Haplogroup R (Y-DNA)

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Haplogroup R
Possible time of originabout 27,000 years BP[1][2]
Possible place of originpossibly Central Asia[3], South Asia[4], or Siberia[5]
AncestorP1 (P-M45), the only primary clade of P* (P-P295)
DescendantsR1 (R-M173), R2 (R-M479) (R2)
Defining mutationsM207/Page37/UTY2, CTS207/M600/PF5992, CTS2426/M661/PF6033, CTS2913/M667, CTS3229/M672/PF6036/YSC0001265, CTS3622/PF6037, CTS5815/M696, CTS6417/Y480, CTS7876/PF6052, CTS7880/M725/PF6053, CTS8311/M732, CTS9005/M741, CTS10663/M788, CTS11075/M795/P6078, CTS11647/Y369, F33/M603/PF6013, F63/M614/PF6016, F82/M620, F154/M636, F295/M685, F356/M703/PF5919, F370/M708/Y479, F459/Y482, F652/M805, F765, FGC1168, L248.3/M705.3, L747/M702/PF5918/YSC0000287, L760/M642/PF5877/YSC0000286, L1225/M789/YSC0000232, L1347/M792/PF6077/YSC0000233, M613, M628/PF5868, M651/Y296, M718, M734/PF6057/S4/YSC0000201, M760/Y506, M764/PF5953, M799, P224/PF6050, P227, P229/PF6019, P232, P280, P285, PF5938, PF6014/S9 (ISOGG 2016)

Haplogroup R or R-M207, is a Y-chromosome DNA haplogroup. It is both numerous and widespread amongst modern populations.

Some descendant subclades have been found since pre-history in Europe, Central Asia and South Asia. Others have long been present, at lower levels, in parts of West Asia and Africa. Some authorities have also suggested, more controversially, that R-M207 has long been present among Native Americans in North America – a theory that has not yet been widely accepted.

Karafet et al. (2014) and other researchers state that a "rapid diversification ... of K-M526", also known as K2, into K2a and K2b , followed by K2b1 and P (also known as K2b2) "likely occurred in Southeast Asia". This was followed by the relatively rapid "westward expansion" of P1 – the immediate ancestor of both Haplogroups Q and R.[6][7]

Structure[edit]

Human Y-DNA Phylogenetic Tree
Haplogroup R
M207 (R)
M173 (R1)
M420 (R1a)
M459

(R1a1)

(R1a*)

M343 (R1b)
L278

(R1b1)

(R1b*)

M479 (R2)
M124 (R2a)
L263

(R2a1)

F1092

(R2a2)

Y12100

(R2a3)

(R2*)

Origins[edit]

Haplogroup P1 (P-M45), the immediate ancestor of Haplogroup R, likely emerged in Southeast Asia.[6] The SNP M207, which defines Haplogroup R, is believed to have arisen during the Upper Paleolithic era, about 27,000 years ago.[2][1]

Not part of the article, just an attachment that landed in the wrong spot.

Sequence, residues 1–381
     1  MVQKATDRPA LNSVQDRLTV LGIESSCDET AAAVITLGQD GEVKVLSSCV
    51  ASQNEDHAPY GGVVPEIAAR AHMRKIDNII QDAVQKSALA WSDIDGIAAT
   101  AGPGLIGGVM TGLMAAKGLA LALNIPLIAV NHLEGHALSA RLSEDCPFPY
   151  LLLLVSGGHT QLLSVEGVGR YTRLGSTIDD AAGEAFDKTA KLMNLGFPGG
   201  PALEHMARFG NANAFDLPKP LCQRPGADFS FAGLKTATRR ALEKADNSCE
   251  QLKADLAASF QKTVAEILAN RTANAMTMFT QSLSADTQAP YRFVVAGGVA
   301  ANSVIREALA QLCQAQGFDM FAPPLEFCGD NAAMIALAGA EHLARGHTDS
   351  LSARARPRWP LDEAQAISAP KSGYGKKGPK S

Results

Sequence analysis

Only one confirmed example of basal R* has been found, in 24,000 year old remains, known as MA1, found at Mal'ta–Buret' culture near Lake Baikal in Siberia.[2] (While a living example of R-M207(xM17,M124) was reported in 2012, it was not tested for the SNP M478; the male concerned – among a sample of 158 ethnic Tajik males from Badakshan, Afghanistan – may therefore belong to R2.)

It is possible that neither of the primary branches of R-M207, namely R1 (R-M173) and R2 (R-M479) still exist in their basal, undivergent forms, i.e. R1* and R2*. No confirmed case, either living or dead, has been reported in scientific literature. (Although in the case of R2*, relatively little research has been completed.)

Despite the rarity of R* and R1*, the relatively rapid expansion – geographically and numerically – of subclades from R1 in particular, has often been noted: "both R1a and R1b comprise young, star-like expansions" (Karafet 2008).

The wide geographical distribution of R1b, in particular, has also been noted. Hallast et al. (2014) mentioned that living examples found in Central Asia included:

  • the "deepest subclade" of R-M269 (R1b1a1a2) – the most numerous branch of R1b in Western Europe, and;
  • the rare subclade R-PH155 (R1b1b) found only in one Bhutanese individual and one Tajik.

(While Hallast et al. suggested that R-PH155 was "almost as old as the R1a/R1b split", [8] R-PH155 was later discovered to be a subclade of R-L278 (R1b1) and has been given the phylogenetic name R1b1b.)

Distribution[edit]

Y-haplogroup R-M207 is common throughout Europe, South Asia and Central Asia (Kayser 2003). It also occurs in the Caucasus and Siberia. Some minorities in Africa also carry subclades of R-M207 at high frequencies.

While some indigenous peoples of The Americas and Australasia also feature high levels of R-M207, it is unclear whether these are deep-rooted, or an effect of European colonisation during the early modern era.